It Follows (2015, David Robert Mitchell)

It would be forgivable to look at the current state of horror and conclude that at some point it was agreed that anything hoping to be categorised as such must have either found footage cinematography or obscene levels of torture, gore and sex to qualify as horror.

David Robert Mitchell’s It Follows takes sex and turns it on its head for one of the genre’s most exciting films in years.

The premise is simple: a cursed individual sleeps with another person and the latter inherits the worst sexual STI imaginable. They are now pursued relentlessly – at a walking pace – by a creature that adopts the form of a human that only they (and other unfortunate previous carriers) can see. The consequences of being caught are demonstrated in a thrilling opening sequence that wastes no time in the set-up.

The only way to escape is to pass it on through sex in the hope that the person is not subsequently caught or it’s back to the front of the queue. 19-year-old Jay (Maika Monroe) joins this hapless game of sexual hot potato after sleeping with her boyfriend.

And it’s the walking pace that Mitchell sticks to diligently that makes It Follows such a toe-curlingly tense ordeal. Just like in films such as Carpenter’s Halloween or the shambling zombies conceived by Romero, slower is often better.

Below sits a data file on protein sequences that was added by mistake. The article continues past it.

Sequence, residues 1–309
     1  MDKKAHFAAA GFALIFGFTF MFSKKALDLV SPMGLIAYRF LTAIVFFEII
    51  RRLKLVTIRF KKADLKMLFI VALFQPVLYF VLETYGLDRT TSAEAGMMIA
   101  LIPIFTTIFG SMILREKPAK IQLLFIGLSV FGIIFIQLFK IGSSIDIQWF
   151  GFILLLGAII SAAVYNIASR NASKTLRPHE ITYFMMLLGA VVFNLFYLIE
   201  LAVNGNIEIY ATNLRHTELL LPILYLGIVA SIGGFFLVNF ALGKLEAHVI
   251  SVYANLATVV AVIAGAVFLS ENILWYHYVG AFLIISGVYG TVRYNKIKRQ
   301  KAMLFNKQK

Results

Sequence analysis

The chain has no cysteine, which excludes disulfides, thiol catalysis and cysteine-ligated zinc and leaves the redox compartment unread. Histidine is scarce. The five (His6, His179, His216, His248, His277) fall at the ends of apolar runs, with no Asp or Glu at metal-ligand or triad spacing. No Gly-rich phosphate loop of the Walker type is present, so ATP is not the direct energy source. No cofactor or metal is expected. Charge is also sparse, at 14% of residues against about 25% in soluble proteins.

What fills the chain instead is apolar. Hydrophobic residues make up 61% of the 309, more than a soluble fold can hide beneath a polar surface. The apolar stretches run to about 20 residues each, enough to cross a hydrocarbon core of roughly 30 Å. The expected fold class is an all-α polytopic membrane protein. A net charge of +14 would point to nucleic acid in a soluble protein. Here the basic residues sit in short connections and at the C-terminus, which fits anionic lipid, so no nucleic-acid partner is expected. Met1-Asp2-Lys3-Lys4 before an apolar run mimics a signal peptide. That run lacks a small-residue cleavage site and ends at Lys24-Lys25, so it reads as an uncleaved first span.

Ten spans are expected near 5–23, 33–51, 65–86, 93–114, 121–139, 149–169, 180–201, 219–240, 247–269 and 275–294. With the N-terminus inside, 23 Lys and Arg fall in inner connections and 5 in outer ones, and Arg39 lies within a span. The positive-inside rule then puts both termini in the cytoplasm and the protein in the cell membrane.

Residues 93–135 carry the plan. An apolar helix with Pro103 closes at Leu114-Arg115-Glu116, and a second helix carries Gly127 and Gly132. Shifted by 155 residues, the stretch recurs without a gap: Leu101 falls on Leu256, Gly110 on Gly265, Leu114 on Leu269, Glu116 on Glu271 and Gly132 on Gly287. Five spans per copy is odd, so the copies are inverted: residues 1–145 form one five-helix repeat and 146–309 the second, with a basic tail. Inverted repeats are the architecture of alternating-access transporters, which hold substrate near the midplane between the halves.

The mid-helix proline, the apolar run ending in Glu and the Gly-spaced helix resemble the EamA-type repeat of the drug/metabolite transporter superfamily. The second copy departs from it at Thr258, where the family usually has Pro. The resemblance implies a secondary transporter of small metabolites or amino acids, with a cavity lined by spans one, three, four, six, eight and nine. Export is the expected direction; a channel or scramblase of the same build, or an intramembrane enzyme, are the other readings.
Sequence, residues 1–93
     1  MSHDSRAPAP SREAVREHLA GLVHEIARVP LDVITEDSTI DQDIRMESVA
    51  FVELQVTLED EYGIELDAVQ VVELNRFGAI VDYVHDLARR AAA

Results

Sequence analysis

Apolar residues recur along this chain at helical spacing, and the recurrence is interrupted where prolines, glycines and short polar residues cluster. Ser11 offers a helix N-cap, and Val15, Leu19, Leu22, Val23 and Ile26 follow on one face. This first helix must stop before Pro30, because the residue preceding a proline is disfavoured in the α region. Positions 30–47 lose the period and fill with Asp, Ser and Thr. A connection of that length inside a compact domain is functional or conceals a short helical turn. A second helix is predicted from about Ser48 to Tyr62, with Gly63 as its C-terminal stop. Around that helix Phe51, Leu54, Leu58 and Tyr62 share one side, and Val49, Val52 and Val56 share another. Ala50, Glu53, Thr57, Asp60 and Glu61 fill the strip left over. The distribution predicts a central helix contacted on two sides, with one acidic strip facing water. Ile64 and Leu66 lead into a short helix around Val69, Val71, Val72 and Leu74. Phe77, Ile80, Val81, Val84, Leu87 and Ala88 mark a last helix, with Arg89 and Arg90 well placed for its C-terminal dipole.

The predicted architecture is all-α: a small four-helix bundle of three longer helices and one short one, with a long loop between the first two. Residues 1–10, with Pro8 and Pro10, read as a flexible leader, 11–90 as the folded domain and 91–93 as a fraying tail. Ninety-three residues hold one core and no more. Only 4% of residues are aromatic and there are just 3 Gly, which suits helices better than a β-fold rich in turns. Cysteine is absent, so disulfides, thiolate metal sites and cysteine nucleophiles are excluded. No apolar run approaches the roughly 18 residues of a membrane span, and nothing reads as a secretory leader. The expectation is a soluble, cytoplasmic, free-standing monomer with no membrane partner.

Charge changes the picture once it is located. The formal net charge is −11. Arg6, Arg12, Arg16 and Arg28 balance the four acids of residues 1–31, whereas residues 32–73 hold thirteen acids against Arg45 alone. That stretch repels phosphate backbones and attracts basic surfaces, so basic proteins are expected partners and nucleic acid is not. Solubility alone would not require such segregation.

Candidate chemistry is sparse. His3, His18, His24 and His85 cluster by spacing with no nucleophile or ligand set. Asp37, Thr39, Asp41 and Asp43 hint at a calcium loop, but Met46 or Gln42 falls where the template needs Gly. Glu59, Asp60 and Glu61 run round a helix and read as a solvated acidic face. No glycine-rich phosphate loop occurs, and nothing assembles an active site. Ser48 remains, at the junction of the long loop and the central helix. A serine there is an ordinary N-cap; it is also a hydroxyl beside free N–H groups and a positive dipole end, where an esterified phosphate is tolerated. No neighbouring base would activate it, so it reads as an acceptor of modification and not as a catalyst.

This tension can be near unbearable at times. At one point Jay and her sister relax on a beach talking as a slowly emerging figure approaches in the distance. The camera sticks mostly to a basic shot-reverse-shot style that only makes what is approaching closer and closer outside of the frame more terrifying.

Scares are all well and good, but successful horror films understand that atmosphere is what endures. It Follows drips with tone and atmosphere. The phantom that stalks Jay gives every scene a palpable feeling of dread. This is evident even during moments of respite – the viewer is simply never afforded time to relax.

Cinematographer Michael Gioulakis’s camera fuels the mood – it roves inquisitively and unshackled as if allowing the viewer to passively keep watch with Jay and her friends often none the wiser. A brilliant synth soundtrack pulses during the inevitable blowouts.

When a film relies so much on frugal show-and-tell, the reveal itself invariably falls short. It Follows’ second-half never quite matches the electric first; the formula begins to feel repetitive as Jay, her sisters and two friends move from location to location with the inexorable creature always in hot pursuit, sometimes implausibly so.

Mitchell, in trying to find a conclusion to satisfy the premise, ends It Follows with a somewhat flat showdown.

These are all relatively minor quibbles, however. It Follows is an often exhilarating experience and in the face of what populates much of modern horror, should be considered a triumph. (8)


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